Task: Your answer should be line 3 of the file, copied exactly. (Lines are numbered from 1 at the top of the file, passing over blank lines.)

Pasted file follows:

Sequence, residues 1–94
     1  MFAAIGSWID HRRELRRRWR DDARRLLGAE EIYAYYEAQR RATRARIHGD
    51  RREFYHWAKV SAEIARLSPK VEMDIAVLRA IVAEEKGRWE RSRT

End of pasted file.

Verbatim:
    51  RREFYHWAKV SAEIARLSPK VEMDIAVLRA IVAEEKGRWE RSRT